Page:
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Guide to Successful Family Ice fishing

Smiles all around, as a family enjoys ice fishing in Northern Ontario. • Credit: James Smedley

"Islay's got a fish," says my four-year-old daughter Lillian. Islay, two years her senior, is furiously reeling a small jigging rod. A tiny perch rockets out of the hole, stubbornly gripping the worm in its teeth. On seeing its peril the wise little fish releases its hold and arcs into a perfect swan dive back down the hole. Tears well up in their eyes as the 5-inch trophy disappears with a flick of its tail. "It's okay, girls, we'll get another one," I say.

Sure enough, we do. My wife Francine and I are with our girls on a small lake reputed to have scads of small perch. We end up hooking a few, plus a little rainbow trout and a much larger brook trout whose exact dimensions will remain a mystery, forever.

That was back about 10 years ago on a typical winter fishing trip with our daughters. The girls have been toted around outdoors since before they could walk. Now, as young adults, they will still join us on the ice and I like to think we did a few things right during those formative years.

Looking back on what has since been ingrained in my mind as The Day of the Mystery Trout, I remember a mild, sunny mid-winter day. The girls are dividing their time between playing on the ice, playing with the minnows in the cooler and pulling up the occasional fish. The fact that Islay and Lillian are happy, comfortable and having fun outside makes the day a success. If you have children with a budding desire to ice fish, make it blossom by following a few simple guidelines.

Fish licence-free in the province of Ontario on the Family Day long weekend.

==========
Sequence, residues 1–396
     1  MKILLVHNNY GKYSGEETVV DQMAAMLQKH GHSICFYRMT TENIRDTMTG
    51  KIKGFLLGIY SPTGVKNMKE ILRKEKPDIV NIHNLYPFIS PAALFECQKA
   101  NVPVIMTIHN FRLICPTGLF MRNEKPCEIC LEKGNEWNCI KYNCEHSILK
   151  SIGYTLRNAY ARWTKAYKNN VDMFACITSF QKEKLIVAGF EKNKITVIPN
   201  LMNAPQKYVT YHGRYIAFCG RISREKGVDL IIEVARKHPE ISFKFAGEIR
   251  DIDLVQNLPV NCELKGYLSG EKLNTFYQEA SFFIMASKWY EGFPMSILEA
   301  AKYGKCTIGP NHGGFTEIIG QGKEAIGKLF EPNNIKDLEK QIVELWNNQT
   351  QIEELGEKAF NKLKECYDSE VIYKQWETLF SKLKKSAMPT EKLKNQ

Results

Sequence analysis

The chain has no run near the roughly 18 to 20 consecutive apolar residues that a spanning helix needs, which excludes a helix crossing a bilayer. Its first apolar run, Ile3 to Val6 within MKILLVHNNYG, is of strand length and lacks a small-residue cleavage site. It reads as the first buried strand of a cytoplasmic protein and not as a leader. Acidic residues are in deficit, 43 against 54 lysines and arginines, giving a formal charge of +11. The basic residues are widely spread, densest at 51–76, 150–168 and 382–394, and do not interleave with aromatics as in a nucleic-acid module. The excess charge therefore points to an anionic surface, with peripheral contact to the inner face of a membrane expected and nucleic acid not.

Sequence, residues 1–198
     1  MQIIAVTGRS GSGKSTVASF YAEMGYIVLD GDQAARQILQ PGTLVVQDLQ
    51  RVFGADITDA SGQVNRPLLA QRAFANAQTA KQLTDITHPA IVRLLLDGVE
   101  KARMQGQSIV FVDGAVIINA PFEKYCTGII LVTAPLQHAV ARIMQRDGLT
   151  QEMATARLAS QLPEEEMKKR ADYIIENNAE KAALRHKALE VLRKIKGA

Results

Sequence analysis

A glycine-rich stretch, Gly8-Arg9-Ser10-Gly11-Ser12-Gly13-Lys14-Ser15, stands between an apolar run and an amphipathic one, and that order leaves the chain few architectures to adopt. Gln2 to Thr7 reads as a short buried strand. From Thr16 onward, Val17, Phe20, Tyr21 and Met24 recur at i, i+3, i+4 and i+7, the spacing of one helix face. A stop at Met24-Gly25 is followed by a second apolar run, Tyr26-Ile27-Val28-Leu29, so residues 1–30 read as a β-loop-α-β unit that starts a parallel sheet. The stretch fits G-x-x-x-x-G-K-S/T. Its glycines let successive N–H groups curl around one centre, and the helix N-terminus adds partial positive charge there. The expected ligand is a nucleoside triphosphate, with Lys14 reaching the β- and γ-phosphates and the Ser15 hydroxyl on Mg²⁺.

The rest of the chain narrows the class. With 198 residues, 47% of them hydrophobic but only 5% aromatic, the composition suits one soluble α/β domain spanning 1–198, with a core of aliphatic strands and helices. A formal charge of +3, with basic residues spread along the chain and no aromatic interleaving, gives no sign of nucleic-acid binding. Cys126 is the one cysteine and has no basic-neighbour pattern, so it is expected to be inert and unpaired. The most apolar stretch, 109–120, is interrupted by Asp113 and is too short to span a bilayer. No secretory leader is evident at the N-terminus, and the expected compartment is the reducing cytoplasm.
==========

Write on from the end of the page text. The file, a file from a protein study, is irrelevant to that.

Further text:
Go Where There’s Fish.
Experimental scouting trips are not good for children.

Fish Easily Accessible Lakes.
Check provincial stocking lists, available at Ministry of Natural Resources offices and tackle stores, to find lakes close to home and full of trout.

Dress for the Occasion.
In addition to dressing snugly in layers from head to foot, bring extra mittens to replace the pair that inevitably become soaked with water or slush.

Take Time from Fishing To Play.
Standing on a sheet of ice waiting for fish to bite can equal boredom. Play options include pulling children on a toboggan and scouting the shoreline for moss, pine cones and firewood.

Make Warmth and Food.
A small fire or camp stove provides a central gathering point that is warm, comforting and entertaining, especially when there are sausages to grill, marshmallows to roast, and hot chocolate to drink.

Use Set Lines and Live Bait.
Where allowed, live bait is often a better option than artificial lures because fish will bite a worm or minnow without the angler having to jig the line.

Don’t Take Fishing Too Seriously on Family Trips.
It's one lesson my children continue to help me grasp.

As The Day of the Mystery Trout progresses our girls are quite content with the three or four tiny perch and the 10-inch rainbow trout lying on the ice. We're ready to pack up when I get a strike on my jigging rod. I set the hook into what feels like a large fish. As I angle it closer to the hole I see a huge expanse of speckled hide flash by. I'm thinking that it's at least four pounds as Islay and Lillian arrive at the hole, wondering why I don't just pull it in. My rod is bent double with a line peeling from my reel when Islay grabs the line.

"I'll show you how Dad," and before I can say or do anything she heaves straight up. The audible snap of the breaking line helps to mask my gasp of horror. Islay sees the blood leave my face and the tears welling up in my eyes.

She puts her hand on my shoulder, "It's okay Dad, we'll catch another."

Once the shock and disappointment pass, I realize the loss of the big trout is destined to be part of a fond memory of a great family fishing trip. No trout can replace that. And in all the years since, no fish ever has.

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